Robot financial advisers to march on the UAE

While robo-advice will be cheaper than the traditional planning offered by their human rivals, the robots are unlikely to ever terminate financial advisers altogether.

Lewis Brown and his wife Penelope spent several hours sitting down with a financial adviser to discuss their finances. Reem Mohammed / The National
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When the Dubai resident Lewis Brown and his wife Penelope wanted financial planning advice, they took what for many is a natural step – they spoke to a financial adviser.

The adviser, Will Carling of AES International, spent several hours sitting down with the family to discuss their finances.

There is nothing so remarkable about that but it may seem strange in the future, because flesh-and-blood financial advisers such as Mr Carling are increasingly being replaced by robots.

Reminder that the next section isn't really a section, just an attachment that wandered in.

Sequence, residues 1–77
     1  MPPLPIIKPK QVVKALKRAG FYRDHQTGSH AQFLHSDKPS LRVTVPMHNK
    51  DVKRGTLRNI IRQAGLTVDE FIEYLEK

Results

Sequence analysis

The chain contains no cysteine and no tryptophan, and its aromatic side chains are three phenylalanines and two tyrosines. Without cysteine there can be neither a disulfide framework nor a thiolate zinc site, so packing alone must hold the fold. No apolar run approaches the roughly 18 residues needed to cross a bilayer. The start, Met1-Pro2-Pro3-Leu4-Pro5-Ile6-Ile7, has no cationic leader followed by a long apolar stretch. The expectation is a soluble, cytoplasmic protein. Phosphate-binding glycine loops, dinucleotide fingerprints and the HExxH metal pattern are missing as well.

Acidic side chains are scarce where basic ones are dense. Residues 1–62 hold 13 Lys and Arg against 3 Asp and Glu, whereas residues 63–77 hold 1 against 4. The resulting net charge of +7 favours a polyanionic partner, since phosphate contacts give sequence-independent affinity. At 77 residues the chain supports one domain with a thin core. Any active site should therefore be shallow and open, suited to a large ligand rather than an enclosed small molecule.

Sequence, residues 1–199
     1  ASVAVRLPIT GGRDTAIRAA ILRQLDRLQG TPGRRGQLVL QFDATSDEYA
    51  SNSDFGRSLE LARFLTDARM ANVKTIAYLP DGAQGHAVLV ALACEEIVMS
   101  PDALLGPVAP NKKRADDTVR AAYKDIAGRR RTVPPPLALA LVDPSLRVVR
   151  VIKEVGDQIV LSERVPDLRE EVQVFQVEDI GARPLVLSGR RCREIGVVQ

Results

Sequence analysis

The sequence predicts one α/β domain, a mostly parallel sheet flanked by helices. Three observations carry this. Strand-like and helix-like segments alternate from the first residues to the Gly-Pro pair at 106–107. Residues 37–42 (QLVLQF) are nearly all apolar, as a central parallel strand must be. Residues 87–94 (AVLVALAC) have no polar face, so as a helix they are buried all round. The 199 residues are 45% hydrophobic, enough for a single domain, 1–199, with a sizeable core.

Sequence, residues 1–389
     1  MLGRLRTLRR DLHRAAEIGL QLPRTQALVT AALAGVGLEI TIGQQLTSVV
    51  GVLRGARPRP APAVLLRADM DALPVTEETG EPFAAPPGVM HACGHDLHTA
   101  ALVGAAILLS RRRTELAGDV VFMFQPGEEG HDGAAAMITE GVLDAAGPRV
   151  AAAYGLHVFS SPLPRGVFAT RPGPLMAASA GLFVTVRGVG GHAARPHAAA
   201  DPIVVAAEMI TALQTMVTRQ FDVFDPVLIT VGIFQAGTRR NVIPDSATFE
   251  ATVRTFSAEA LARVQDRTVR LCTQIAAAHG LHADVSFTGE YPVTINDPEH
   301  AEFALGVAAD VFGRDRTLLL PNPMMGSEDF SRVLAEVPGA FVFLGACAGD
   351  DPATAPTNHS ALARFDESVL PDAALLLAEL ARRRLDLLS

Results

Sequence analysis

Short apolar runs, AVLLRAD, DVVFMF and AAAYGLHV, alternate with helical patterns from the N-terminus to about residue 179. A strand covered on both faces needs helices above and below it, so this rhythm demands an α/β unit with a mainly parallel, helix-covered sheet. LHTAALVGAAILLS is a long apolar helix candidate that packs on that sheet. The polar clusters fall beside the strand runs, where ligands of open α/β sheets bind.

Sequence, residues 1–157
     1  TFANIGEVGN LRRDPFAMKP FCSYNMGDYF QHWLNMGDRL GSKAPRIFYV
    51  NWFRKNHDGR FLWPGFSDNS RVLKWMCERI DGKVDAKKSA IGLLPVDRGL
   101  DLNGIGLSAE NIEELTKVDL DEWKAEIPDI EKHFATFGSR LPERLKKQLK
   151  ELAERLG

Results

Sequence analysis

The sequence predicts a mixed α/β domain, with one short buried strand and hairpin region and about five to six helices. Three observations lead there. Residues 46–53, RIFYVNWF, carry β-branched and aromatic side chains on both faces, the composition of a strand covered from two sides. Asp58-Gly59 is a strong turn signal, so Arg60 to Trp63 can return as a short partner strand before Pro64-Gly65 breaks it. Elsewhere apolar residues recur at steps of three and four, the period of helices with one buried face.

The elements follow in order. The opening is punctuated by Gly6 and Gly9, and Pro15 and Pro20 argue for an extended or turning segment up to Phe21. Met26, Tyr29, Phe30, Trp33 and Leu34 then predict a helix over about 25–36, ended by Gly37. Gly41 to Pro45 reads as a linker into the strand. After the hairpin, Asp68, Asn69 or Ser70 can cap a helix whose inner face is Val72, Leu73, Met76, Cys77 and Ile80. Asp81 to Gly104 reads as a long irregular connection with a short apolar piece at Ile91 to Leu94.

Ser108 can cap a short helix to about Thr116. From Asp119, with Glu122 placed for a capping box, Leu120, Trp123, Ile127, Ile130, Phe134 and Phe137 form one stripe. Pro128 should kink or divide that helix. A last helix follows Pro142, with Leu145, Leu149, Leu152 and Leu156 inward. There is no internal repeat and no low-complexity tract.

The march of the robots is sweeping through the workplace and now it has hit the financial services industry, with the rise of so-called robo-advice.

Robo-advisers deliver online wealth and portfolio management advice using computer algorithms and “smart software” rather than through highly paid financial planners. They often use the same software as real advisers but dispense with the human touch.

They can recommend a portfolio of investments to match your personal goals, timescale and attitude to risk, and rebalance them regularly as markets and the investor’s personal circumstances change. Unsurprisingly, ’bots are cheaper than their biped rivals. But can they really give you all the help and advice you need?

Mr Lewis, 46, who moved to Dubai from Britain in 2003 and works for an engineering company, is sceptical.

“I am rather old-fashioned and like to know the person I am dealing with, especially when it comes to an area as important as financial planning,” he says.

The engineer and his wife, 47, who works as a yoga teacher in Dubai and is also from the UK, needed complex pensions advice. They also wanted to discuss where they should invest money for their 12-year-old daughter’s university fees.

“Will and the team took time to understand our position and long-term savings goals before putting together portfolios,” says Mr Lewis. “It was a detailed and personal process, and there is no way we would trust a computer algorithm instead of a real person.”